PARIS (Reuters) - French jets from the Charles de Gaulle aircraft carrier struck Islamic State targets in Iraq on Monday while Britain offered France the use of an air base in Cyprus to hit the militants behind the Paris attacks.
French President Francois Hollande met British Prime Minister David Cameron in Paris on Monday as part of efforts to rally support for the fight against Islamic State and Hollande is also due to visit Washington and Moscow this week.
Cameron offered air-to-air refuelling services and said he was convinced Britain should carry out air strikes alongside France and would be recommending that Britain’s parliament vote through such measures.
France has intensified its bombings in Syria since the Nov. 13 attacks in Paris claimed by Islamic State that killed 130 people. The group is also being targeted from the air by a U.S.-led coalition and Russia.
French jets taking off from the country’s flagship in the eastern Mediterranean destroyed targets in Ramadi and Mosul in Iraq on Monday in support of Iraqi forces on the ground, the French armed forces said in a statement.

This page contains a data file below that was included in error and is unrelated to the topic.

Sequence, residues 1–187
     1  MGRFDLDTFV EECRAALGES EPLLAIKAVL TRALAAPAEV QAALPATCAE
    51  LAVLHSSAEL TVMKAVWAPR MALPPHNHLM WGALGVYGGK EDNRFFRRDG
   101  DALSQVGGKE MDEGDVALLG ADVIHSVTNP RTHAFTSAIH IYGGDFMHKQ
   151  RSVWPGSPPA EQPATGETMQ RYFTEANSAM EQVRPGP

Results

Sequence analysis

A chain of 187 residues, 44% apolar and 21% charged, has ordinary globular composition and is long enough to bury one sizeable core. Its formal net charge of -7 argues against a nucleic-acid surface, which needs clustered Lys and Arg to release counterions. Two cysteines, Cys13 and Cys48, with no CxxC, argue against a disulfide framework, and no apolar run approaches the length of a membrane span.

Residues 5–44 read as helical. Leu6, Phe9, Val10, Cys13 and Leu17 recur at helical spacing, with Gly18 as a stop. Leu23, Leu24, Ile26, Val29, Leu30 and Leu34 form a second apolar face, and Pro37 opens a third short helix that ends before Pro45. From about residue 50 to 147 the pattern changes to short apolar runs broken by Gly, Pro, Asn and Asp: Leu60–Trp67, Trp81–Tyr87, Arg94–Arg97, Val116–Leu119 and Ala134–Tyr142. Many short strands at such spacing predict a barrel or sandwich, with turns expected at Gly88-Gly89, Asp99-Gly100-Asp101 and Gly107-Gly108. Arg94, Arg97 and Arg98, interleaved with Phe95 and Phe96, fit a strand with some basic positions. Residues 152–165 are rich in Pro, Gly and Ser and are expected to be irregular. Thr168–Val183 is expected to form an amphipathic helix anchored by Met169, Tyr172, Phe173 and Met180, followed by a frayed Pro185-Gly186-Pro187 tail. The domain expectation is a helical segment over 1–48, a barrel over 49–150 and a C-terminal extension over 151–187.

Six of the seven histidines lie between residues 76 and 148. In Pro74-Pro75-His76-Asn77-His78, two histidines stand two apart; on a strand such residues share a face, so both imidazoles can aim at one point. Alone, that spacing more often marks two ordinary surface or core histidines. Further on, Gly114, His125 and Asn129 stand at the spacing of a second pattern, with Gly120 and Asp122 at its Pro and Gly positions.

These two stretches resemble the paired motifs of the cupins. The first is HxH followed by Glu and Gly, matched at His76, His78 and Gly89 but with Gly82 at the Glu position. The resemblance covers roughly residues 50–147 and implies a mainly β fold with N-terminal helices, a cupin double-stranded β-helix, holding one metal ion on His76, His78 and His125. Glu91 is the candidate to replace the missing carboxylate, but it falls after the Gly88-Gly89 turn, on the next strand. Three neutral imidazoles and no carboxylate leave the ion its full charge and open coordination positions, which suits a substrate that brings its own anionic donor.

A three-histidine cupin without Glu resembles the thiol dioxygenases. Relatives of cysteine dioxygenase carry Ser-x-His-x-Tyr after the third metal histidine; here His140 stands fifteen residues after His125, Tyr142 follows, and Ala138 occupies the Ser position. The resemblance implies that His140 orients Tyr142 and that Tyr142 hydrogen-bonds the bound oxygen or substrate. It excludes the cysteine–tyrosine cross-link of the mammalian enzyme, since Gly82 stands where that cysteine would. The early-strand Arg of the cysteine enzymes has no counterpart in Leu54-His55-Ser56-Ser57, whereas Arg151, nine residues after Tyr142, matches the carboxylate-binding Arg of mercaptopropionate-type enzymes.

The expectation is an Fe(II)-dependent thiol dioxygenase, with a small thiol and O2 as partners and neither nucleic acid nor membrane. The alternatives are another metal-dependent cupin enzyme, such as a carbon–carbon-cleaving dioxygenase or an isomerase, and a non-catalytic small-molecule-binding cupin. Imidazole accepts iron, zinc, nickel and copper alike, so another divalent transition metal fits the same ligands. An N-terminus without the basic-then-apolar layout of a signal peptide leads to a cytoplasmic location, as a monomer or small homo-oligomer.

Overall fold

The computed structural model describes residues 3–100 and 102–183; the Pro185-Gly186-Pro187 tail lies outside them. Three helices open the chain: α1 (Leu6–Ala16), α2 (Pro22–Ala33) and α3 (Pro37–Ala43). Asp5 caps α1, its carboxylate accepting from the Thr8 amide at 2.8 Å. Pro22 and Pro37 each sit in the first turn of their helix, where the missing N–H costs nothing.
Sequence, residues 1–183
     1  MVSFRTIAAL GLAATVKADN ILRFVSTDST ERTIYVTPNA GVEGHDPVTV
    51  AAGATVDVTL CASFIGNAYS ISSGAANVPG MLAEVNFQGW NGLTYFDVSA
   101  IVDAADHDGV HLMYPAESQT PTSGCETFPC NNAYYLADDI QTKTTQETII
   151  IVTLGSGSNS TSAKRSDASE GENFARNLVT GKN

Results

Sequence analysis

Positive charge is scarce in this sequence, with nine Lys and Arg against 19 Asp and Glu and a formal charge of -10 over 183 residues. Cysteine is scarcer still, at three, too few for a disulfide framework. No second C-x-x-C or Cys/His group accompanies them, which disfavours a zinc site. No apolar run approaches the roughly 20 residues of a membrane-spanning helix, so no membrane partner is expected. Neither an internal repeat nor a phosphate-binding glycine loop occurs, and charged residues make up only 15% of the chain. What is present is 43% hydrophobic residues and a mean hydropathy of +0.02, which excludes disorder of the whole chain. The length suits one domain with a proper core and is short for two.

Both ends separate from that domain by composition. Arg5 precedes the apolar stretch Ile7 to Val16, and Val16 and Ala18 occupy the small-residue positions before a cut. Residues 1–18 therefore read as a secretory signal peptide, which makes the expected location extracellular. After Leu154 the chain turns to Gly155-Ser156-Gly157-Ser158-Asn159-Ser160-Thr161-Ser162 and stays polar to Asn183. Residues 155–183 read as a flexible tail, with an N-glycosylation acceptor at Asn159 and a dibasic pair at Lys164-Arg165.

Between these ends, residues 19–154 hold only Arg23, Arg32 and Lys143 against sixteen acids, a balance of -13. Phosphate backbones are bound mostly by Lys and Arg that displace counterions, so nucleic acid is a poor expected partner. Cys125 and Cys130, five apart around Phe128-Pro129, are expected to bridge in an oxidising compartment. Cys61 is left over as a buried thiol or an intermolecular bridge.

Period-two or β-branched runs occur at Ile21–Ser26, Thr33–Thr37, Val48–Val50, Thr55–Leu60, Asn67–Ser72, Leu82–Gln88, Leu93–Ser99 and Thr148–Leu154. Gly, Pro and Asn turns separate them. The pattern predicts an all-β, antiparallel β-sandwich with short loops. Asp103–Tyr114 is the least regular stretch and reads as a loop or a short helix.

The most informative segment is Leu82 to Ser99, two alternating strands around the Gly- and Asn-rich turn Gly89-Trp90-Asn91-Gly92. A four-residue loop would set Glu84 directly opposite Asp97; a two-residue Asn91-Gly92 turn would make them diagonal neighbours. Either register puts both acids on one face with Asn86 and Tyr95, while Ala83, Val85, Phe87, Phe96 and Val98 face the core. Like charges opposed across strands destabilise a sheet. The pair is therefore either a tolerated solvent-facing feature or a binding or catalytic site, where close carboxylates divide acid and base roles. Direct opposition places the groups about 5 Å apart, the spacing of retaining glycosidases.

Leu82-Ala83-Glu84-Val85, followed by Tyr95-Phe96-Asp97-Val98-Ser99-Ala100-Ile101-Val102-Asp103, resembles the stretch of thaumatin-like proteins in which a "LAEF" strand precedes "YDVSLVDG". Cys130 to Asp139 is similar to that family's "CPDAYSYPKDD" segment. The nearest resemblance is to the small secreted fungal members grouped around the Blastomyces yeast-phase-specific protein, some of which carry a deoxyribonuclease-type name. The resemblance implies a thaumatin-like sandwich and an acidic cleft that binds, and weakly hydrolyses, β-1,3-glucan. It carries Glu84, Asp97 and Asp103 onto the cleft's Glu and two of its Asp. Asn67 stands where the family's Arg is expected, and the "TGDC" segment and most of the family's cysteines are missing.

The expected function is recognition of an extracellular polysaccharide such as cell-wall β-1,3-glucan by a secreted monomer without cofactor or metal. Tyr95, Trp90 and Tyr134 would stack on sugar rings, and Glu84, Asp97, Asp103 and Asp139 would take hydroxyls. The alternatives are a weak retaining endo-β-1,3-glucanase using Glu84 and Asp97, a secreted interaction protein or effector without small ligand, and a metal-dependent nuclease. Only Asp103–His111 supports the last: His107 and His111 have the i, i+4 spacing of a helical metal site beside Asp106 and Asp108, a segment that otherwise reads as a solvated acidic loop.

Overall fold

The arrival of the Charles de Gaulle aircraft carrier in the area following the Paris attacks has tripled the French air force’s firepower by boosting the number of planes targeting Islamic State to 38.
“I firmly support the action that President Hollande has taken to strike ISIL (Islamic State) in Syria and it is my firm conviction that Britain should do so too,” Cameron said at a joint news conference after his meeting with Hollande.
“Later this week, I will set out in parliament our comprehensive strategy for tackling ISIL,” Cameron said.
Cameron is eager to avoid a repeat of 2013 when he lost a vote on air strikes against Syrian President Bashar al-Assad’s forces. Britain is already bombing Islamic State in Iraq.
Hollande said France planned to intensify its air strikes on Islamic State in Syria, adding that it would focus on destroying targets that would cause as much damage as possible.
Besides the aircraft carrier, Britain’s Cyprus Akrotiri air base could offer another option for French jets, which had been using bases in Jordan and the United Arab Emirates until Monday.
On Tuesday, Hollande is due to visit Washington where he hopes to overcome President Barack Obama’s reluctance to get sucked further into the Syria conflict.
Speaking before Hollande’s Washington trip, which will be followed by a visit to Russia later in the week, French officials made no secret of their desire to see the United States do more.
In between the two trips, Hollande is due to receive German Chancellor Angela Merkel on Wednesday night and Italy’s President Matteo Renzi on Thursday morning.
“We all need each other, so we have to find ways to coordinate,” French Defence Minister Jean-Yves Le Drian said on Sunday. “We can do that without a combined military command structure, we just need to talk to each other.”
Editing by Andrew Callus and David Clarke